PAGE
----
100 Americans Making Constitutional History: A Biographical History presents 100 profiles of the key people behind some of the most important U.S. Supreme Court cases. Edited by Melvin I. Urofsky, a respected constitutional historian, each 2,000-word profile delves into the social and political context behind landmark Court decisions. For example, while a case like Brown v. Board of Education is about an important idea—the equal protection of the law—at its heart it is the story of a little girl, Linda Brown, who wanted to go to a decent school near her home. The outcome is accessible and objective “stories” about the individuals—heroes and scoundrels—who fought their way to constitutional history.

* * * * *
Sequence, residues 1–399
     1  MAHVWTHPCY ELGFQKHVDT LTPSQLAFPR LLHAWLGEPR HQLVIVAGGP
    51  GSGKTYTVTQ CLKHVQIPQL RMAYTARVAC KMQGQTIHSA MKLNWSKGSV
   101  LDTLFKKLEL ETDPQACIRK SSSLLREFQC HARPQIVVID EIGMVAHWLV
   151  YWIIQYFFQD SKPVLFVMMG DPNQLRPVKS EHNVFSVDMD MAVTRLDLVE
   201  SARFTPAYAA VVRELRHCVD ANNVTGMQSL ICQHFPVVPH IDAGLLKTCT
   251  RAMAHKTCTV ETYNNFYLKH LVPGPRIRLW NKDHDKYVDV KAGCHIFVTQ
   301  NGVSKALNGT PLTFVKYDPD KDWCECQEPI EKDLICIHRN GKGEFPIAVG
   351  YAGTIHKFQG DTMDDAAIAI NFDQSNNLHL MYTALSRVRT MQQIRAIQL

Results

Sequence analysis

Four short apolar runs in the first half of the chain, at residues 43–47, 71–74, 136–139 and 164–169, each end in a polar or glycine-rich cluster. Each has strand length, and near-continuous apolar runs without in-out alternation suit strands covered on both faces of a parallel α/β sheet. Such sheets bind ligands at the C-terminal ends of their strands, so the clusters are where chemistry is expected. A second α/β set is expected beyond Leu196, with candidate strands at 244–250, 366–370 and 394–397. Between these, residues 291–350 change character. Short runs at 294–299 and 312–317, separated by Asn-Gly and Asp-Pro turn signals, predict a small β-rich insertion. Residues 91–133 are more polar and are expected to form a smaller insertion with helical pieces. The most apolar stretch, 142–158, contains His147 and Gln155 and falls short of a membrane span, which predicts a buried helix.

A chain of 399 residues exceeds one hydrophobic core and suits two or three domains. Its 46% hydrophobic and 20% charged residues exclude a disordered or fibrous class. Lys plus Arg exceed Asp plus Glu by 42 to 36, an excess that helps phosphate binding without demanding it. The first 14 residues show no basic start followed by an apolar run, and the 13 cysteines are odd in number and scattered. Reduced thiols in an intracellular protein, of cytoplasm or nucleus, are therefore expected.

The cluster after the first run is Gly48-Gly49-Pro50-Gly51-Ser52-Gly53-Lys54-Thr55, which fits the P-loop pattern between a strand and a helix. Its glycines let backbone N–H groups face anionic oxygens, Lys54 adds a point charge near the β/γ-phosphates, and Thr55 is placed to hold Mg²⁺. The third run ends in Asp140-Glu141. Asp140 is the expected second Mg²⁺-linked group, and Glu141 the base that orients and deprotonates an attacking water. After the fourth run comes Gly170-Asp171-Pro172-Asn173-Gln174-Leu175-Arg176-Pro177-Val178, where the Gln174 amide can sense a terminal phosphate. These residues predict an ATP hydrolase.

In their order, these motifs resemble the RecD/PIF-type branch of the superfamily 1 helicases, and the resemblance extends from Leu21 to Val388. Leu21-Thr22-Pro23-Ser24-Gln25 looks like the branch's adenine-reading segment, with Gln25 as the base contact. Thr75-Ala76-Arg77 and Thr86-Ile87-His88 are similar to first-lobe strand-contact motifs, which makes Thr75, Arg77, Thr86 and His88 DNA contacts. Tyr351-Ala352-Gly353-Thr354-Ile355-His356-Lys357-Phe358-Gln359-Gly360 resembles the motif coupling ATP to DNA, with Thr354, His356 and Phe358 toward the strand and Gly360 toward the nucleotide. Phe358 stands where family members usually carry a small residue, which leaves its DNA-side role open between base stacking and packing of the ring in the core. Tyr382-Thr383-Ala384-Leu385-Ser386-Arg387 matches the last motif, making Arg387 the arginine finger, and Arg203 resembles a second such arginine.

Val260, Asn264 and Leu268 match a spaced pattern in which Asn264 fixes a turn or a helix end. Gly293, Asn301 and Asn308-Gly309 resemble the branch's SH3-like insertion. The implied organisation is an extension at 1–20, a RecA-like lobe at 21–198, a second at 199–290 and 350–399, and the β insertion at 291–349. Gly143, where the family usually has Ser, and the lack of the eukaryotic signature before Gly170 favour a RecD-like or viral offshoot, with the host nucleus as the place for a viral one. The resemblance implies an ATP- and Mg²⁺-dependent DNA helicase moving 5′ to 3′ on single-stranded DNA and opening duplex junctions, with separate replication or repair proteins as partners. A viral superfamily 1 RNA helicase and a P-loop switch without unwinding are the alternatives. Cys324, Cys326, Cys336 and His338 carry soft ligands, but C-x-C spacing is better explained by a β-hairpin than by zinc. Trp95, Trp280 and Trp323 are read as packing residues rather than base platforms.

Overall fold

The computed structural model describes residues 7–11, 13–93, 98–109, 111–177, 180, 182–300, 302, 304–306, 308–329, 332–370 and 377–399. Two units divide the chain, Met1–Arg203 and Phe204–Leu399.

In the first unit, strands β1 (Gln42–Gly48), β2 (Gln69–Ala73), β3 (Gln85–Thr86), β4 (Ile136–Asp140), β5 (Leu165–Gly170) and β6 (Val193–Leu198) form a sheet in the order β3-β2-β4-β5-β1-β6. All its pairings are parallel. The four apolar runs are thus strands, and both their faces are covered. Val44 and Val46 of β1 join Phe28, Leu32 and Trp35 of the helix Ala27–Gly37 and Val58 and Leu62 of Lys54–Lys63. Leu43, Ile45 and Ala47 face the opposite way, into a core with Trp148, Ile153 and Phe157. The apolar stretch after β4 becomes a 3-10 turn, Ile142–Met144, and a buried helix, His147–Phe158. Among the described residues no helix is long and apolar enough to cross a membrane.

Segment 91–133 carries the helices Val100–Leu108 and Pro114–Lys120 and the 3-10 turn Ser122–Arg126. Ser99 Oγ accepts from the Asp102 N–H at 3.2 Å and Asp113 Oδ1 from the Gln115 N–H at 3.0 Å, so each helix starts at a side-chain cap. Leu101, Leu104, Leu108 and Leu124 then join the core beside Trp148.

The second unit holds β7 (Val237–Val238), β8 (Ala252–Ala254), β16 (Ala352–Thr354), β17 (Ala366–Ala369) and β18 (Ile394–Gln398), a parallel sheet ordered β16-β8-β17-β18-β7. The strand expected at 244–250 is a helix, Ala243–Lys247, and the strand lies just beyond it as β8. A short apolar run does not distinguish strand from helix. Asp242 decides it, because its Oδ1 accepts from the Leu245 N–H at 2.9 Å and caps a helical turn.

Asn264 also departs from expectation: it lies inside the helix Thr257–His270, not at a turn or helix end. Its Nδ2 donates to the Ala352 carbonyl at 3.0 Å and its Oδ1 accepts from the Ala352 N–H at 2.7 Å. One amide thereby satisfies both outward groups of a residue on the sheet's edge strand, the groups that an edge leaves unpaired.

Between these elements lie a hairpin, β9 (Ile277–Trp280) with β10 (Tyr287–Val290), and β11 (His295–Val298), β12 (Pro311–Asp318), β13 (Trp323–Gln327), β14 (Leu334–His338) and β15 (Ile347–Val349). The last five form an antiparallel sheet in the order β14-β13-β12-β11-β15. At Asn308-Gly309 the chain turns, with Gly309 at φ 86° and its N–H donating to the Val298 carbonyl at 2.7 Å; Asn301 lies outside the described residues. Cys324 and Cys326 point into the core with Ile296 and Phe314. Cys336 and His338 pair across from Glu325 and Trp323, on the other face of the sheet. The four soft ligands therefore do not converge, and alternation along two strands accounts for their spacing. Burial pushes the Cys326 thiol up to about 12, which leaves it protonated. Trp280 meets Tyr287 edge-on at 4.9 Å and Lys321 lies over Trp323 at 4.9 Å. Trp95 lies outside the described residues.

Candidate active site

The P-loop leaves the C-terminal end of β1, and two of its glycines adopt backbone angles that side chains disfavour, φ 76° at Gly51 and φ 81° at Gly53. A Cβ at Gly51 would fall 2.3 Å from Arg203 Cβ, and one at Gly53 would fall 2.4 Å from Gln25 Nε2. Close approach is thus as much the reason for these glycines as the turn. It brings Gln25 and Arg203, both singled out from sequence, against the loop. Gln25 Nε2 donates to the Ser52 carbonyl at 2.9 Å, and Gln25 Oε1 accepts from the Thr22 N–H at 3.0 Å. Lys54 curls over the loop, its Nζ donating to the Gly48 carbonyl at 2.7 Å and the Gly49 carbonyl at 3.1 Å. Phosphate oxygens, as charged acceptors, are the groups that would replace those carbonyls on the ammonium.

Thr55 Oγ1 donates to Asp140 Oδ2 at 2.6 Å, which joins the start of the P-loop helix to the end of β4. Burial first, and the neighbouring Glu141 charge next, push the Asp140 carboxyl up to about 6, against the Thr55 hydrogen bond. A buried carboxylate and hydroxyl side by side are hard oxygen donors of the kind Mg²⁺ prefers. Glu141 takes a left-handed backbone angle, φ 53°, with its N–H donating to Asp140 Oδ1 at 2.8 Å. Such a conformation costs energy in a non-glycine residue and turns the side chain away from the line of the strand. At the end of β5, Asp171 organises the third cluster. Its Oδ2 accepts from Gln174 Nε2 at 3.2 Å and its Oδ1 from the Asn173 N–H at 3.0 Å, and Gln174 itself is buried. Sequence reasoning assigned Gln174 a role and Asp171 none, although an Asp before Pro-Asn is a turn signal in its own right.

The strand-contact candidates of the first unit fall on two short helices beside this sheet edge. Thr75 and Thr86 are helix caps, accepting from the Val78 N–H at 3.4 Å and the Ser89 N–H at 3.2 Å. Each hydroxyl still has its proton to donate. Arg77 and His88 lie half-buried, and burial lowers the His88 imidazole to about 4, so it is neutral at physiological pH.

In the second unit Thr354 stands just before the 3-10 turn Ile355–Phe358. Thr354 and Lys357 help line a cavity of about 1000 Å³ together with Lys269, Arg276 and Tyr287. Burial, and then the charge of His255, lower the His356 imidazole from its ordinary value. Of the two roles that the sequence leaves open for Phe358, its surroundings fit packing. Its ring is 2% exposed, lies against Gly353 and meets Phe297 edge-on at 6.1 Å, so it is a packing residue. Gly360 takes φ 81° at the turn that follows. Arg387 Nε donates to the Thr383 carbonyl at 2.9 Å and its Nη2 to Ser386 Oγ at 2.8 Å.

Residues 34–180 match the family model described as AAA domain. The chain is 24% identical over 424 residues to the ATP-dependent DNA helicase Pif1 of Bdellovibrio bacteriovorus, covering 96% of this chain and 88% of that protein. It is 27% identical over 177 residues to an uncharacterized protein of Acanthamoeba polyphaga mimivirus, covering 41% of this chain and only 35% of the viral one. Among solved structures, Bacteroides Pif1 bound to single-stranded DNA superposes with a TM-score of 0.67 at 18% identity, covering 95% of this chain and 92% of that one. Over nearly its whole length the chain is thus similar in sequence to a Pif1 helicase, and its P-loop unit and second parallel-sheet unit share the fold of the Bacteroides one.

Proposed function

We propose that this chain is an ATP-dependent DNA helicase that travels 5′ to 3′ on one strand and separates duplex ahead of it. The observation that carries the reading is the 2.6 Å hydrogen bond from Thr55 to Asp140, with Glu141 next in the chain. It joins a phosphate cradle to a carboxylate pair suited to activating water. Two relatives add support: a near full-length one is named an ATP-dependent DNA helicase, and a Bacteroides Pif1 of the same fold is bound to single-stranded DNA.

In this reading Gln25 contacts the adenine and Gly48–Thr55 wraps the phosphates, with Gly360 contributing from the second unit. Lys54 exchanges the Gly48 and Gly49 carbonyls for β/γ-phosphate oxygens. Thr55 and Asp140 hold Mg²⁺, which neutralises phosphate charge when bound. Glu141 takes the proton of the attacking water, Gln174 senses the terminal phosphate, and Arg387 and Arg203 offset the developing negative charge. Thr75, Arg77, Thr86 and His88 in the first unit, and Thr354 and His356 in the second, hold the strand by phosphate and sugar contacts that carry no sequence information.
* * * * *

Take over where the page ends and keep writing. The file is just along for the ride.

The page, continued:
Freedom of the Press
“The First Amendment has Become an Obsession with Me”
Hustler Magazine, Inc. v. Falwell
485 U.S. 46 (1988)
Larry Flynt, one of America's most colorful figures, made his career publishing sex magazines, engaging in notorious public relations stunts and political escapades, and lampooning the politically and culturally powerful. Throughout his career Flynt was constantly prosecuted on criminal charges or sued in civil actions for things he said or published in his magazines, and throughout his career Flynt championed the First Amendment, which he regarded as a constitutional guarantee to express himself however he chose, no matter how outrageous or offensive his expression might be to most of society.
Flynt began his business career by opening striptease bars in Ohio. Observing his customers, Flynt concluded ...